Counsel for Respondent(s)                                                                                                                             
            Kathleen A. Rukliss                                                                                                                       
            Clark Co. Deputy Pros. Atty.                                                                                                              
            Clark Co Pros Office                                                                                                                      
            PO Box 5000                                                                                                                               
            Vancouver, WA  98668                                                                                                                      
IN THE SUPREME COURT OF THE STATE OF WASHINGTON                                                                                                       
THE STATE OF WASHINGTON,                         )                                                                                                    
                    Respondent,                  )                                                                                                    
               v.                                ) 65565-1                                                                                            
HUSSAIN ADEL,                                    ) En Banc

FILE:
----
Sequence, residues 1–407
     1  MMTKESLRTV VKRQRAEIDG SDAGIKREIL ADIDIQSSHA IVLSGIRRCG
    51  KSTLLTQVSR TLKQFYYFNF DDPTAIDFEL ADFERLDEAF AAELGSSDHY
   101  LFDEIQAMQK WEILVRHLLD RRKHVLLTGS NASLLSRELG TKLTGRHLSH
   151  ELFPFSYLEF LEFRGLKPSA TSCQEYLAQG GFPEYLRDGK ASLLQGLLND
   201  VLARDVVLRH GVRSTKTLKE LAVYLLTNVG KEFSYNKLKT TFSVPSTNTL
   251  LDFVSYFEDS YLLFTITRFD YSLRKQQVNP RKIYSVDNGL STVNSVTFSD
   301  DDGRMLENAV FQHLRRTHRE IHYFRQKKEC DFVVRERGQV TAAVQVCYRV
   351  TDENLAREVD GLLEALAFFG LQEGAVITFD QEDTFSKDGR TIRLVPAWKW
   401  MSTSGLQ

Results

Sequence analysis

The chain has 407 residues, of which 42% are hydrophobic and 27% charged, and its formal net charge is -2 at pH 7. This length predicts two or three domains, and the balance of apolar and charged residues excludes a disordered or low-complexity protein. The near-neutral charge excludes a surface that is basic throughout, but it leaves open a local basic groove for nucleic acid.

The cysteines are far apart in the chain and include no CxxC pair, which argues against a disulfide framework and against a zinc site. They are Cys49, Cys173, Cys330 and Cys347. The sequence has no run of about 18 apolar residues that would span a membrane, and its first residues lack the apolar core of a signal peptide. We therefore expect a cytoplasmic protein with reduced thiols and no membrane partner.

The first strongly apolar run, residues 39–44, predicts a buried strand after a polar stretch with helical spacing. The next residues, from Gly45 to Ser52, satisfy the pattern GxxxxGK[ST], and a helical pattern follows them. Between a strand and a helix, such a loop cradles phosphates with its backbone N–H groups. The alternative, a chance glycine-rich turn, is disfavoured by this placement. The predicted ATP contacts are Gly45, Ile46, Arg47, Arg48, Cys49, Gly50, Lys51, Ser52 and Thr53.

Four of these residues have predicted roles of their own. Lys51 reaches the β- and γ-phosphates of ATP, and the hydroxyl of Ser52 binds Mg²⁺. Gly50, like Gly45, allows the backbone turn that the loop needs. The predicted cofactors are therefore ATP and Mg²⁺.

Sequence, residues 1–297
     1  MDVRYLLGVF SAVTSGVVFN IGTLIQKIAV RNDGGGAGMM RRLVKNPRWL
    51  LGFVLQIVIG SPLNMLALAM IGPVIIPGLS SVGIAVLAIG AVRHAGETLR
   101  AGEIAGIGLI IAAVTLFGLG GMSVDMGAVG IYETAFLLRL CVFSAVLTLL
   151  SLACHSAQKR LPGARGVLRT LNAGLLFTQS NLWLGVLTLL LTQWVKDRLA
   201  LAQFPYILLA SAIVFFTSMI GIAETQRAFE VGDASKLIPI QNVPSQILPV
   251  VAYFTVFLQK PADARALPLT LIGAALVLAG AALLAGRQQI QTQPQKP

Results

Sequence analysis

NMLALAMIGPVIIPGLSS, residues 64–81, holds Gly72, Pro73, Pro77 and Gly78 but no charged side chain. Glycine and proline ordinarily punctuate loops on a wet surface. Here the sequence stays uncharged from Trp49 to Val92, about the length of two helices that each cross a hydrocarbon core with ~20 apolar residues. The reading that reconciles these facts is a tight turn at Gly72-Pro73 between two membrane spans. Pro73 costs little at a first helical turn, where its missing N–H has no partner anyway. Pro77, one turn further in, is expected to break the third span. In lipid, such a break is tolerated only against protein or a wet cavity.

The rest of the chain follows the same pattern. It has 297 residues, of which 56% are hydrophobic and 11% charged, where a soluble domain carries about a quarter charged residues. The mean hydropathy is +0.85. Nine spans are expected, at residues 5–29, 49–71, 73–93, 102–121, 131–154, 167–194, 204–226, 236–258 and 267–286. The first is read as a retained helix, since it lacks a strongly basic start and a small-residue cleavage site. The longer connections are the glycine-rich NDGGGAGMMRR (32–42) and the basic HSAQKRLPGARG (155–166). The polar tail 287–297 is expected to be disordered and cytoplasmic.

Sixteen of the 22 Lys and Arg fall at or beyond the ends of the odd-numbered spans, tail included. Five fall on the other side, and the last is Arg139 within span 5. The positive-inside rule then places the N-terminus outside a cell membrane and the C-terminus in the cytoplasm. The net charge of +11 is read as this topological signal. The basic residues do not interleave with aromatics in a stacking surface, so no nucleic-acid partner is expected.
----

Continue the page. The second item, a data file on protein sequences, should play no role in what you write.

Petitioner.                  ) Filed October 15, 1998                                                                             
     DOLLIVER, J.--Hussain Adel claims his two convictions for simple                                                                                 
possession of marijuana violate double jeopardy.  We agree, and we reverse                                                                            
one conviction.

     Hussain Adel was the owner and operator of a convenience store in                                                                                
Clark County.  Officers from the Clark-Skamania Drug Task Force contacted                                                                             
Adel in his store for an investigative stop.  The officers obtained Adel's                                                                            
consent to search both the store and Adel's car which was parked outside. 

     In the car's ash tray the officers found three cigarette butts.  The                                                                             
butts tested positive for marijuana and weighed 0.1 gram.  In the store the                                                                           
officers found marijuana around the cash register counter.  The evidence                                                                              
from the store weighed less than 0.2 gram.  In total, the marijuana                                                                                   
discovered both in the car and in the store amounted to less than 0.3 gram-                                                                           
-approximately the weight of three large paper clips.

     Adel was charged with two counts of simple possession of marijuana.                                                                              
One charge was based upon the marijuana fragments found in Adel's car, and                                                                            
the other charge was based upon the minuscule amount of marijuana found in                                                                            
the store.  The district court found Adel guilty on both charges. 

     The superior court affirmed Adel's two convictions in a one-page                                                                                 
ruling.  Adel sought discretionary review by the Court of Appeals, but a                                                                              
court commissioner denied review in a detailed ruling.  The Court of